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View Sample Pages : Press Telegram, April 29, 1959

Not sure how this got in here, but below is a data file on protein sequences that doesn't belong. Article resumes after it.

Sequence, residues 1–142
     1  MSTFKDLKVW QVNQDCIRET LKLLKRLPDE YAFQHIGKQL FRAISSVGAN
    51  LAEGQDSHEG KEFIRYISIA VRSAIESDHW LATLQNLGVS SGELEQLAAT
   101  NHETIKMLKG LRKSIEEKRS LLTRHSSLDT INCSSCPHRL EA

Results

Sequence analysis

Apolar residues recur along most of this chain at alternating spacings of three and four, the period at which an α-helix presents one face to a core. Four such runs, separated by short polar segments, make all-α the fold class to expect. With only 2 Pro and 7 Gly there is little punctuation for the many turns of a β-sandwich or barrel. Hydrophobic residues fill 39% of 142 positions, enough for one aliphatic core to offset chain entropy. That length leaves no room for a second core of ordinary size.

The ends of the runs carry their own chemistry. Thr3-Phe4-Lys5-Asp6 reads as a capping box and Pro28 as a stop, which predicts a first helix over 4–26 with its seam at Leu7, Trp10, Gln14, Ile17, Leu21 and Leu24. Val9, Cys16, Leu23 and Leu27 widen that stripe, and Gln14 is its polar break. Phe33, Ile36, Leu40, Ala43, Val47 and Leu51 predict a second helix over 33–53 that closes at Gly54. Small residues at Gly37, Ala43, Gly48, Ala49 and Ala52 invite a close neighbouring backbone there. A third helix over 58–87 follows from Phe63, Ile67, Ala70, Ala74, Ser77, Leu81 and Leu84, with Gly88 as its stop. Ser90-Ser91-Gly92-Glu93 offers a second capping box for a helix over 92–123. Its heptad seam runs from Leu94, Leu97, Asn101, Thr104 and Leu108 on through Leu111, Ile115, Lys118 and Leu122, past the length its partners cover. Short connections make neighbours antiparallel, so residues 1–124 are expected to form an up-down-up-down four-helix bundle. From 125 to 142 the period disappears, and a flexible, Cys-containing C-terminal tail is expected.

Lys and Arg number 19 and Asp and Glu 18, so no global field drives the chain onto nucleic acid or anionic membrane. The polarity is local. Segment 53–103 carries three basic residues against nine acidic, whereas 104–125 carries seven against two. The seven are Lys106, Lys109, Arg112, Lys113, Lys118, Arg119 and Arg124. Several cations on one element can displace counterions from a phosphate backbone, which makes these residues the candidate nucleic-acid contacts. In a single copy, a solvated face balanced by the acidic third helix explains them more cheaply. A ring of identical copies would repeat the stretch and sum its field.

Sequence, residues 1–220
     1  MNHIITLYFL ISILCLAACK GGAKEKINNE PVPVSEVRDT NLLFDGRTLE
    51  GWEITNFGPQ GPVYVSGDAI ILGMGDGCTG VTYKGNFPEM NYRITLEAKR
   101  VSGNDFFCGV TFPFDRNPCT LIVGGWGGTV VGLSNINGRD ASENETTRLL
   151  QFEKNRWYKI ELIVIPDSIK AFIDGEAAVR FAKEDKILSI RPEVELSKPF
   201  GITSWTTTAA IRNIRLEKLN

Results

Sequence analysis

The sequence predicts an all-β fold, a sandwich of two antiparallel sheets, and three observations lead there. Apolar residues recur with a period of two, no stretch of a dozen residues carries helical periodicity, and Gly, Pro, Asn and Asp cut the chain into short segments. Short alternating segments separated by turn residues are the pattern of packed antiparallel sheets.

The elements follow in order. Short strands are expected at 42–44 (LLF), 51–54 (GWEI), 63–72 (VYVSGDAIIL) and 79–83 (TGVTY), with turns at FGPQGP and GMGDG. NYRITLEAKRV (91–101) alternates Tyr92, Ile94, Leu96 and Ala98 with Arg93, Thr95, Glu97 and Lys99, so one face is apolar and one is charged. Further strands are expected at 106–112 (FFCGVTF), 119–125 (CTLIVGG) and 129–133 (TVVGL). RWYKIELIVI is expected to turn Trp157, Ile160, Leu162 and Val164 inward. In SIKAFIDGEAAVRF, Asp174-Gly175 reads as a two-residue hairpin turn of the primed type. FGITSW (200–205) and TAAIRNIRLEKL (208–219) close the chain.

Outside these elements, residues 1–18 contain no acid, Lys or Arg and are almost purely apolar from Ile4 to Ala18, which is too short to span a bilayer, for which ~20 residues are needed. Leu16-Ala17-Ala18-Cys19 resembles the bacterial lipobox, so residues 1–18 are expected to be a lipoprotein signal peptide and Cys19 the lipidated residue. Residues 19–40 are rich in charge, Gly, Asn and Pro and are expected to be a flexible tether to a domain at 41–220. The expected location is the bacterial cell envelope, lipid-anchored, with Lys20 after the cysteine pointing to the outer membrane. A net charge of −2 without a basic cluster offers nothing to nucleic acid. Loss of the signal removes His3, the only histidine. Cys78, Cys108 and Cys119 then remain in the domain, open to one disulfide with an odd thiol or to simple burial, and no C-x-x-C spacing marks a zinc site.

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Press-Telegram (Newspaper) - April 29, 1959, Long Beach, California IKE SUPPORTS MRS. LUCE IN ROW SEN. WAYNE MORSE (D-Ore) talks'with reporters in a corridor near the Sen- ate chamber after the Senate confirmed the nomination of.Clare Boothe Luce as U. S. ambassador to Brazil. Morse, Mrs. Luce's chief critic, led a bitter fight against her nomination on the Senate Wirephpto.) The Southland's Finest Evening Newspaper LONG BEACH 12, CALIF., WEDNESDAY, APRIL Vol. 74 PRICE 10 CENTS CLASSIFIED HE 2-5M9 50 PAGES TELEPHONE HE 5-11S1 HOME EDITION (Six Editions Daily) Mate Asks to Quit Post Remark on Morse Leads to New Debate in Senate WASHINGTON MV-Presi- dent Eisenhower said today Mrs. Clare Boothe.Luce's use- fulness as ambassador to Brjazil has not been damaged fit; Tany major way by her with Sen. Wayne Morse Jhe President told a news conference that he had a tele- phone survey made Tuesday Mrs. Luce hit out ver- bally at Morse and i on- eluded that she will be wel- corrje in Brazil. J -The Senate gave Mrs. Luce a thumping 79-11 vote pf'con- f irjnation Tuesday despite btt- ter'oppositiori by Morse. MRS. LUCE then said her troubles" began when Morse wai in the head by-a horse." To which Morse re- pHed that her remark was "consistent with an old, old pattern of emotional insta- bility" on Mrs. Luce's part, Some Democratic senators who had voted for confirma- tion of the nomination said they had to do it over again they would vote against Arid Mrs. Luce's husband, Hen'ry'R. LUce of the Time- MRS. CLARE BOOTHE LJJCE, plunged into new cpn- -ab'.ou Way he1' Morse, returns.: hornV _in New: York late Tuesday m'iht-with husband, Henry Ri Luce. Trapped Dog Freed, Hospitalized; It's OK OWASSO, Okla. Richard was brought out alive today from the limestone crevice which im- prisoned, the blue tick coon hound nearly 'six days ago. Elsenhower Asks Tighter Bill on Labor President Cites Three Points as Having Weakness WASHINGTON dent Eisenhower called on Congress today for tighten- ing of the Senate's labor con- trol bill at three points. Eisenhower told his news conference that the measure passed by the Senate has very definite weaknesses. He said, he is very disap- pointed with it. The President said he be- lieves the House should write in amendments to (1) curb secondary boycotts, (2) out- aw blackmail picketing ..nd clarify the no-man's-iand area where the authority of the National Labor Relations Board and'that of the states is cloudy. EISENHOWER WAS asked if he feels it necessary to have such amendments in light of the "bill of rights" for labor that was voted into the Senate measure. Eisenhower replied that as it first was offered by Sen John McClellan he thought the bill-of-rights pro pbsal was a fine thing. But he said a compromise' which finally was adopted} was not a. real substitute for the'kind of thing that should have been done. THE SUBSTITUTE was sponsored by Sen. Thomas Kuchel of California, the sistant Republican backed by a group of Repub- licans who have been re- garded as friendly, to or- 2 Youths Adrift in 31-Ft. Cruiser Saved Off L B. Little the worse for wear, a 13-year-old sea captain' and his 11-year-old, one-man crew were rescued miles off Pt. Fermin shortly before noon today. The boys, Charles Mauer- han both and Richard Fredrick, of Glendale, had' been sought by two Coast Guard planes and three cutters. All vessels in the area had been radio-alerted to be on the lookout. It. was the crew, of the Coast Guard cutter Morris that spotted the boys ing in the 31-foot cabin crui- ser, Lazy Days, owned by Charles' father, Paul Mauer- han. PRELIMINARY informa- tion was meager, but the Mor- ris radioed Long Beach Coast Guard headquarters that the SPACE STEWARDESS Pamela Jayspn of Beverly Hills, proposed as "space stewardess" to accompany the first man sent into space; tries on a pilot's helmet at the annual meet- ing of Aero Medical Assn. in Los Angeles. She was selected for the potential role by Spacelabs Inc. She is a registered nurse, mother, holds a master's degree in psychology and has what the company calls "motivation for Wirephoto.) West to Seek Package Deal on Germany PARIS four West- ern foreign ministers, meet- ing to unity their positions before the coming East-West conference, reached "large areas of agreement" in to- ay's 'opening sessions, an Panama Invaders Offer to Quit-If PANAMA band of Cuban invaders of 'anarnd' today said they would surrender only if assured they would be returned immediately to Cuba .ifej-Forturie publishing em- said in New York he i asked his wife to resign the" ambassadorship of'the criticism. because IT WAS AGAINST this (Continued on Pg. A-2, Col. 5) Tanker Blast Kills 8; Liner Is Aid PERTH, Australia Italian liner Aus tralia with two doctors aboard today raced to the aid of the Norwegian tanker Farmand, about 780 miles north west of Fremantle, Australia, follow ing an SOS. The tanker re- A final, small dynamite charge and a jack-hammer dislodged the little dog which had fallen into the hoie while hunting his favorite quarry. He appeared in good shape and.yelped as he crawled into sunlight. Little Richard blinked his big red eyes and was gath- ered in the arms of his mas- ter, Larry Wilson, 20, who started last Friday trying to free his pet by himself with only, a pick. By the time Little Richard was released, hundreds of persons had helped to chip :hrough the rock imprisoning lim. DR. JOHN COLLINS, Tul sa veterinarian, examined the brindle, blue and white ani mal briefly. He said the dog janized labor. This was Eisenhower's first Washington news conference ported eight killed and five injured among its 45-man crew in an engine room ex- plosion and said fire had Ijrbken out. She radioed Fre- mantle for immediate assist- ance and. medical aid. Director of Navigation Gapt. H. M. Head immediate- ly radioed a general alarm to all ships. The Portuguese tanker Al- valos was only nine miles away and changed course im- mediately. was dehydrated and had few ticks but otherwise seemed to suffer no ill effects' from his ordeal. The dog was rushed to Col lins' hospital at Tulsa, 2each on which they landed arly Saturday. One of Castro's mediators, boys were safe and both were in good spirits. The dispatch added that 13-year-old Charles com- plained: "We can't get the engine started." The, boys cut afternoon school classes Tuesday and went to the boat at Yacht Haven anchorage, Wilming- ton. Charles' father called the Coast Guard when he re- ceived word the boat hac been taken. He had purchasec the boat about a month ago and said the only .thing his son knew about operating hei was how to steer. SHORTLY AFTER the sen ior.Mauerhan called, the bp- erator of the fishing boa Frankie Boy reported he hac seen a i craft .leaving the Ld; Angeles Harbor entrance. The Frankie Boy skippe: made the report after scription of the missing boa was aired. Capt. Armando hur- led back to the capital Tues- lay night, bringing with him i member of the foreign in- 'ading force. They went di- ectly to the Cuban Embassy. KEEPING. A LINE open with the 79 other invaders, Torres' colleague, Lt. Fernan- do Ruiz, remained at their camp in Nombre de Dios. President De La Guardia said Tuesday that two more nvasion ships carrying up to 300 men were reported on iheir way to Panama from Cuba. Bazan said the country's national guardsmen the nation's only defense (Continued Page A-4, Col. 4) In other sea incidents .thi morning, the Coast Guan went to the rescue of a boa aground off Rocky Pt. nea Pt. Fermin and the 96-foo fishing boat New Admira stuck on a sand bar near Sea Beach. N. Y. to Probe Jukebox Industry NEW YORK po- lice department will start sur- veying the city's jukebox in- dustry within a few days in a search for underworld in- fluences. The purpose is to weed out any violations of the law, con- spiracies, intimidation, rack- eteering or unfair labor prac- tices, Police Commissioner Stephen P. Kennedy said. 200 Shots Exchanged at Mine WHITESBURG, Ky. UP) Mine guards exchanged abou 200 rifle shots with hidde gunmen firing into a nor union coal operation near her merican spokesman said. The spokesman said the ses- ons.went smoothly although inor areas of disagreement ropped up. He told newsmen that ion ie basis of progress shojm iday, U. S. Secretary of tate Christain A. Herter may love up his departure for Vashington from Saturday ight to Friday night. "In the spokesman aid, "we covered round than we expected.1'" THE AMERICAN spokes- man told newsmen at a brief- ng 'session that' the four- power working group of e'x- >erts will meet tonight to re- word certain sections of their original proposals to their1 chiefs. The revised sections are to be ready for further dis- .ussion by- the ministers when they meet Thursday. 'here were no details on what ections.are to be changed. The over-all concept of the. West's "package plan" will not be changed, the spokes- man said. The package plan ncludes the Western ap- >roach to problems of Berlin, ermany and European security. The British have been urg- ng that a Western proposal on Berlin be separated from the other proposals to make an East-West deal possible on ihat divided city if nothing else can be achieved. IT WAS understood that the foreign -ministers agreed today not to separate the Ber- lin question, from the other issues, although no delegation member would say so on .thfc record. The Communist leaders meeting in Warsaw issued a communique in which they opposed any attempt to link IRATE DAD IN AUDIENCE, SPOTS HER Finds Runaway, 16, in Cha-Cha Line before dawn today. No in-j juries were reported. Mine operator Jack Blair said, "I am closing down the operation and leaving the country. I can't stand it any- more." The outburst was the heavi- est exchange of gunfire in the Mayking area where, shots have been fired sporadically almost every day during the 52-day-old United Mine Workers strike for a new contract. BLAIR SAID his guards, unable to see the gunmen fired at the rifle flashes com: up Soviet proposals for a free city of Berlin and the issue of German reunification as "re- unification is viewed by the West. HERTER AND British Foreign Secretary Selwyn [Continued on Pg. A-4, Col. 1) NEW ORLEANS L. D. (Big Red) Webster, a Dallas businessman attending a convention here, found his 16-year-old runaway step-daughter in the cha-cha chorus line of a French Quarter night club. Angered and shocked, Webster slipped from the club and returned minutes later with two policemen. The officers stopped music and dancers, arrested the, owner on a charge of contributing to the delinquency of a minor and placed the girl in a convent. Webster, former sports editor for a Dallas newspaper, is vice president in charge of public relations and adver- tising for the Lone Star Steel His pretty, blonde step-daughter, Lydia Hayes, ran away from home April 2 after having trouble' with her grades in school. She came here and was hired as a dancer at the club. Saul Owens, 42, owner of the club, told, officers he did not know Lydia was a juvenile. Owens said the girl produced an affidavit stating she was over 18. "How does a man feel when he sees his daughter come cha-cha-ing out in a chorus asked Webster, who had gone into the club with several other delegates attending the convention here. "My first impulse was to wreck the joint. But then, after I (nought about it a second, I stepped outside to think what I'd do. I couldn't have gone to the owner because jshe might have seen me, become frightened and run away again. Besides, I had no witnesses." The girl first, identified herself as Toni Lamarr but later admitted her. Identity. Her father said it was the third time she had run away. ing from a operation. hill opposite his "I have been shot at, my equipment has been shot at, my trucks have bullet holes in them, my wife has been threatened and I can't take any more of it and I'm not going back. I would rather sell peanuts for a living than put up with. any more ol this." The shooting broke put few miles from the spot where a truck driver shot to death earlier, one of two men killed during the strike. National Guardsmen were sent into eastern Kentucky last wtek to maintain their car Gas Pipeline Bursts Open, Creates Peril HOLL1DAYSBURG, Pa. .UP) underground gas- oline pipeline burst near this central Pennsylvania town early today, spilling thou- sands of gallons of explosive fuel into fields and streams. State police evacuated at least 25 families in a precau- tionary move. The flow was finally stemmed by closing off two main line block valves to the east and west of the break. A bulldozer was build a dam and prevent fur- ther gasoline from flowing into the fishing streams in the area. Several residents took advantage of the situation and ;